I love to read. I read just about everything - classics, historical fiction, sci-fi, memoirs, young adult, mystery - I read it all. I love the places I could otherwise never go and the people I could otherwise never meet in a book.
The Jungle by Upton Sinclair is one book that I never finished. To be honest with you, I've only read the first couple of chapters. I know the gist of the rest of the book is rather depressing, and I'm not sure I'm ready to alter the beautiful image the beginning paints of the characters.
Sinclair opens the first chapter describing a very dismal meat packing district in turn of the century Chicago that he refers to as "back of the yards". The remainder is spent setting the happy and hopeful atmosphere of a wedding.
Each character is given special attention as we get to know their background, struggles, and strengths. A page about the bride, another for the groom, a paragraph here and there for the other characters. But of all the people Sinclair describes, he spends the most time on the musicians.
His eloquent description of the musicians is something that stayed with me, and is a paragraph I can always find when I pick up a copy of this book -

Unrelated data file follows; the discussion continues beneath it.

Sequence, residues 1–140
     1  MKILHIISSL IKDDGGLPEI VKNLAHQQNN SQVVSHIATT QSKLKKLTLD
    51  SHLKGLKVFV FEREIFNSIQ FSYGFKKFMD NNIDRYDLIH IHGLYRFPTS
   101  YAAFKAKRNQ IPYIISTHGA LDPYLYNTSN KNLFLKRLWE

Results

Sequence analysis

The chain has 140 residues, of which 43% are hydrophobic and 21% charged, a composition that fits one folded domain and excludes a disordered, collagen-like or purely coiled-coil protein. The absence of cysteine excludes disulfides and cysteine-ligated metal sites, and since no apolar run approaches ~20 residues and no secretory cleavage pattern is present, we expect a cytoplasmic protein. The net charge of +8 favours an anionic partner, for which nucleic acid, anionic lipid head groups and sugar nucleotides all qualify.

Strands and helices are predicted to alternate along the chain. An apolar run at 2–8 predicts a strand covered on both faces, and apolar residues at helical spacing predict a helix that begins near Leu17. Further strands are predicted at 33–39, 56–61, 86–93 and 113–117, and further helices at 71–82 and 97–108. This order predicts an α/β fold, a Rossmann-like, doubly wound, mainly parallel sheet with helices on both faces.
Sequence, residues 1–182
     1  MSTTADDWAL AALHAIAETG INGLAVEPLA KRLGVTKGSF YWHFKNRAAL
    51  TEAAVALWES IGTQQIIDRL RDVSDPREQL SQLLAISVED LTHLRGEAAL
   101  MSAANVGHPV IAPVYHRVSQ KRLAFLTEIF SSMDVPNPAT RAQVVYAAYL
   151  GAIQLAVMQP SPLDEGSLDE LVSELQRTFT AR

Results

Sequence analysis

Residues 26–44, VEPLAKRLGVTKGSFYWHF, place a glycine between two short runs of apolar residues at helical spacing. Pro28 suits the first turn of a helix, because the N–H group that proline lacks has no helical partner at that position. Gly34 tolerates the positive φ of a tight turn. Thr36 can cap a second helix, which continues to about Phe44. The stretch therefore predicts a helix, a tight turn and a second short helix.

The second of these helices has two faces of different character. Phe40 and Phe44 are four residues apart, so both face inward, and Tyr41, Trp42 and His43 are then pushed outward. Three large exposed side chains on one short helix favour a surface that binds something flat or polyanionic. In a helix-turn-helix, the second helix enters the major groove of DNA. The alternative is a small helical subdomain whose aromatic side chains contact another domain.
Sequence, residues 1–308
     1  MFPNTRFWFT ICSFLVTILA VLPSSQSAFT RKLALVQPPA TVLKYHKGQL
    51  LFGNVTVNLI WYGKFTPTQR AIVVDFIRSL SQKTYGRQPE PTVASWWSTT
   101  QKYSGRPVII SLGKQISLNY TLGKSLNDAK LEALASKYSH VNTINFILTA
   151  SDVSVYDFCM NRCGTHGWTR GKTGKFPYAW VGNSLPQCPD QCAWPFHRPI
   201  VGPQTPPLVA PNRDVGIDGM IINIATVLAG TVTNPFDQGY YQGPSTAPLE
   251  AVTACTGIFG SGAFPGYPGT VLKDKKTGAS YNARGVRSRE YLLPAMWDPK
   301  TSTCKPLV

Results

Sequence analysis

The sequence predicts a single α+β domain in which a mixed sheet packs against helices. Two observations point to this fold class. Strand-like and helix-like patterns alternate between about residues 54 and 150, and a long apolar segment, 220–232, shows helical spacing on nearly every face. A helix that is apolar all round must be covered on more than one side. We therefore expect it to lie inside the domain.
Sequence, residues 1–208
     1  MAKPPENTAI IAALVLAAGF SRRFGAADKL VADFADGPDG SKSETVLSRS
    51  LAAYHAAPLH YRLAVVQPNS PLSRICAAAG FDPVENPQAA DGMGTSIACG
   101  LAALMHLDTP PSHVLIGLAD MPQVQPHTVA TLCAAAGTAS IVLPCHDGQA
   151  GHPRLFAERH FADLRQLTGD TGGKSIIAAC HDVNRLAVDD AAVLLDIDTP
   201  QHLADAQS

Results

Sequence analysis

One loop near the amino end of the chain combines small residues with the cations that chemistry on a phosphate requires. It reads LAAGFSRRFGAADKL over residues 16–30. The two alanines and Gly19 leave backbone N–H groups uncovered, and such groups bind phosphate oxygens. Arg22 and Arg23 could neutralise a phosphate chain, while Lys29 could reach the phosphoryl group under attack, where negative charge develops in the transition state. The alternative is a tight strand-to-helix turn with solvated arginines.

"The musicians—how shall one begin to describe them? All this time they have been there, playing in a mad frenzy—all of this scene must be read, or said, or sung, to music. It is the music which makes it what it is; it is the music which changes the place from the rear room of a saloon in back of the yards to a fairy place, a wonderland, a little corner of the high mansions of the sky."
"...it is out of this material that they have to build their lives, with it that they have to utter their souls. And this is their utterance; merry and boisterous, or mournful and wailing, or passionate and rebellious, this music is their music, music of home. It stretches out its arms to them, they have only to give themselves up."
At some point in his life, a musician made such an impact on Upton Sinclair to put these words in his mind. I know this is not the message Sinclair was trying to send when he wrote this book, but it's my message that I take from it. -- I can only hope that by sharing my little corner of the high mansions of the sky and speaking my utterance, I will one day make such an impact.